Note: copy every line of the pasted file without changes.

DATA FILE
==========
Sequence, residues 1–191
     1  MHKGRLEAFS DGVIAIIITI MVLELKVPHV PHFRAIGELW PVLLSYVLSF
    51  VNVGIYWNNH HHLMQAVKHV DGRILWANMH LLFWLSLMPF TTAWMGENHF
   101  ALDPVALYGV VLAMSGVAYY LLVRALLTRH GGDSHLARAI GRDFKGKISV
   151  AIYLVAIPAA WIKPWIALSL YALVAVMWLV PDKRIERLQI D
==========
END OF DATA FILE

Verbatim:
Sequence, residues 1–191
     1  MHKGRLEAFS DGVIAIIITI MVLELKVPHV PHFRAIGELW PVLLSYVLSF
    51  VNVGIYWNNH HHLMQAVKHV DGRILWANMH LLFWLSLMPF TTAWMGENHF
   101  ALDPVALYGV VLAMSGVAYY LLVRALLTRH GGDSHLARAI GRDFKGKISV
   151  AIYLVAIPAA WIKPWIALSL YALVAVMWLV PDKRIERLQI D